Emotion-focused coping strategies, on the other hand, increase cognitive anxiety, resulting in reduced performance (Ntoumanis, & Biddle, 2000; Dias et al., 2012). Dias et al. (2012) did find that the emotion-focused coping strategy 'expressing emotions' can have positive effects on performance. 'Expressing emotions' in response to a stressful situation can contribute to taking action again. Taking action falls under problem-focused coping, which in turn reduces cognitive anxiety. It does depend on the situation and the person whether 'expressing emotions' takes this route to contribute to an improvement in performance. The research by Ntoumanis, & Biddle (2000) shows that 'expressing emotions' causes increased anxiety. The results of this study also show that 'expressing emotions' is used more when somatic anxiety increases in the group of athletes who see fear as a danger. Somatic anxiety increases pre-competition, leading these athletes to use such pre-competition coping strategies more often, resulting in reduced performance (Ntoumanis, & Biddle, 2000). Athletes who do show an improvement in performance when somatic anxiety is increased appear to make less use of the emotion-focused coping strategy 'expressing emotions'.


Finally, avoidant coping strategies also increase cognitive anxiety and decrease performance (Dias et al., 2012; Ntoumanis, & Biddle, 2000). An additional danger with evasive coping strategies is that athletes find themselves in a vicious circle. Evasive coping strategies often prevent athletes from finishing what they started. This can lead to the Zeigarnik effect, which means that uncompleted tasks are remembered better than when a task is completed (Dias et al., 2012). That means that when the athlete avoids stressful competitions, the athlete will be reminded of this more and more. The athlete will experience an increase in cognitive anxiety more quickly next time and will have less control over their own emotions, which makes switching to problem-focused coping more difficult (Dias et al., 2012). The athlete can then end up in a vicious circle.


Only the problem-oriented coping strategies can prevent performance anxiety from leading to a reduction in performance. Problem-focused coping strategies can even improve performance in the presence of more performance anxiety. It is therefore recommended to practice a lot using problem-focused coping strategies. This is because coping strategies can change over time and are not fixed to someone's personality (Lazarus, 1993). By using the problem-focused coping strategies extensively in training situations, they will be more easily applied when a stressful match presents itself (Dias et al., 2012). The negative consequences of fear of failure on performance will then be prevented.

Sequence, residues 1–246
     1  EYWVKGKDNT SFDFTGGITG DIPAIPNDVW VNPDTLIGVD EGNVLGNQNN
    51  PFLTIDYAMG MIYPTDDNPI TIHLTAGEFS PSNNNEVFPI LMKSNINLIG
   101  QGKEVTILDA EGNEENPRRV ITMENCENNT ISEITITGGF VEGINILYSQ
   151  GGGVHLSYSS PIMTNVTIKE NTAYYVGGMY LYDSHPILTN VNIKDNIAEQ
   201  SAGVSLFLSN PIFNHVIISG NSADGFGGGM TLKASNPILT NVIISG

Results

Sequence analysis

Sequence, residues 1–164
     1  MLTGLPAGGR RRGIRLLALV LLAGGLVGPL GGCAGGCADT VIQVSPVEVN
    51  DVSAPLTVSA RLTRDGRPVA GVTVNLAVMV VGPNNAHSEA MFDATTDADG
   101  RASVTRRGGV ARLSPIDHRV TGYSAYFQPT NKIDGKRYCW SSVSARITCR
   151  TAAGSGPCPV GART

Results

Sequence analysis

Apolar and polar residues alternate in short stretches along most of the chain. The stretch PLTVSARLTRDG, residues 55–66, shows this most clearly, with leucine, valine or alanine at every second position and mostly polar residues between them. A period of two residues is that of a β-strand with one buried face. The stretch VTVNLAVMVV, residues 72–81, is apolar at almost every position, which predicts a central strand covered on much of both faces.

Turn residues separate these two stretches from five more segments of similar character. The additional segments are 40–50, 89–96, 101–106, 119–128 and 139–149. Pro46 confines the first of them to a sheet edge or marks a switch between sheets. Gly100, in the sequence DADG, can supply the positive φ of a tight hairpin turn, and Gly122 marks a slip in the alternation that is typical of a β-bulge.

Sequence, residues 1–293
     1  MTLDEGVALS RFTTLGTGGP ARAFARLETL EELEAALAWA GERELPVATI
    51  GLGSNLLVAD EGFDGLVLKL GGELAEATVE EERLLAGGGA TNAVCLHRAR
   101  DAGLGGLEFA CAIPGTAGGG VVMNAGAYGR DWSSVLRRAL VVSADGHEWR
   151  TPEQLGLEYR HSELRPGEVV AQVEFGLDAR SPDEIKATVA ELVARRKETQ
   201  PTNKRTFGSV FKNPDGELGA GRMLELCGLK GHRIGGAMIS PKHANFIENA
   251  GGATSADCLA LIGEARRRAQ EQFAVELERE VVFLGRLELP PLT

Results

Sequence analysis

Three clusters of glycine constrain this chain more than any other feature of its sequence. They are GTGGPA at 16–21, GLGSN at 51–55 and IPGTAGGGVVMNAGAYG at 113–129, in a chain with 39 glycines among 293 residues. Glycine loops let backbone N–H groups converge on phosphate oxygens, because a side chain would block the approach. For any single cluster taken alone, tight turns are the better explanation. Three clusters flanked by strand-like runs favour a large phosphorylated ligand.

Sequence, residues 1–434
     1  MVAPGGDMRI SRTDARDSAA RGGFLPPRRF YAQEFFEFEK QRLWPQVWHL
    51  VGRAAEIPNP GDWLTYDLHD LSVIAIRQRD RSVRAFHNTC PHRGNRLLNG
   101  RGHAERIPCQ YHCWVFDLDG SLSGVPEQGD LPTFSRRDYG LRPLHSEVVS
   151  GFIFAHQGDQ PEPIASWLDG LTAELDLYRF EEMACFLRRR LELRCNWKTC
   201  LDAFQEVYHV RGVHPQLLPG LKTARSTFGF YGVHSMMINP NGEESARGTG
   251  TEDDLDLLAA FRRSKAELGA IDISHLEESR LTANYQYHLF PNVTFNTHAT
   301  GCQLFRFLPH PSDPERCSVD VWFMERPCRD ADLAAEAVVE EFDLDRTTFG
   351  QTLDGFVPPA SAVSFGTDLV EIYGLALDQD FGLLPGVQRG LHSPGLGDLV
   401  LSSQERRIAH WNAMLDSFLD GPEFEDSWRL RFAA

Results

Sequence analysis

Mindfulness

A training method that has received increasing attention in recent years to improve performance by, among other things, reducing fear of failure is mindfulness (Bakker & Oudejans, 2019). This chapter examines the effect of mindfulness on reducing anxiety and improving performance.

Mindfulness is a completely different training method than the more traditional psychological skills training (PVT), which includes self-talk, goal setting and imagery (Gardner & Moore, 2017; Corbally et al., 2020; Gross et al., 2016) . PVT focuses on controlling and changing the internal state (such as fear of failure), while mindfulness aims to enter a different relationship with the internal state (Gardner & Moore, 2017; Corbally et al., 2020; Bakker & Oudejans, 2019). Mindfulness does this by training attention in three aspects (Gardner & Moore, 2017). First, mindfulness stimulates awareness of the internal state and acceptance of that state at that moment, without judgment (Gardner & Moore, 2017; Linder, 2019). Second, the task-oriented attentional processes (instead of internal processes) are stimulated because they must be controlled (Gardner & Moore, 2017). Finally, mindfulness contributes to full commitment to actions and behaviors that are important to the athlete and what the athlete desires (Gardner & Moore, 2017).


Mindfulness broadly means focusing on something, for example breathing (Linder, 2019). Subsequently, the focus will shift to something else, when this is observed, the focus is returned to the breath (Linder, 2019). These attention shifts are accepted and observed without judgment (Linder, 2019). These steps are then repeated (Linder, 2019). The Mindfulness-Acceptance-Commitment (MAC) model is the first mindfulness model that has focused on sports and has already received a lot of support from empirical studies (Gardner & Moore, 2017).


Gross et al. (2016) studied in 22 female basketball players which training method, MAC, or PVT, reduces anxiety more and improves performance. Anxiety was significantly reduced in the basketball players who followed the MAC training method, while no significant reduction in anxiety was seen in the group who followed PVT. There was also a significant performance improvement in the MAC group and not in the PVT group.


Wolch et al. (2020) investigated in 32 male basketball players whether a short mindfulness training leads to better performance under pressure. All basketball players first shot at the basket under normal conditions and then under increased pressure. However, the group that received mindfulness training for shooting the basket under pressure did not perform significantly better than the control group. The research by Wolch et al. (2020) therefore does not support that mindfulness leads to performance improvement (Gardner & Moore, 2017; Gross et al., 2016). However, there is a significant difference between cognitive and somatic anxiety. These have remained the same in the mindfulness group or even decreased slightly, while they did increase in the control group.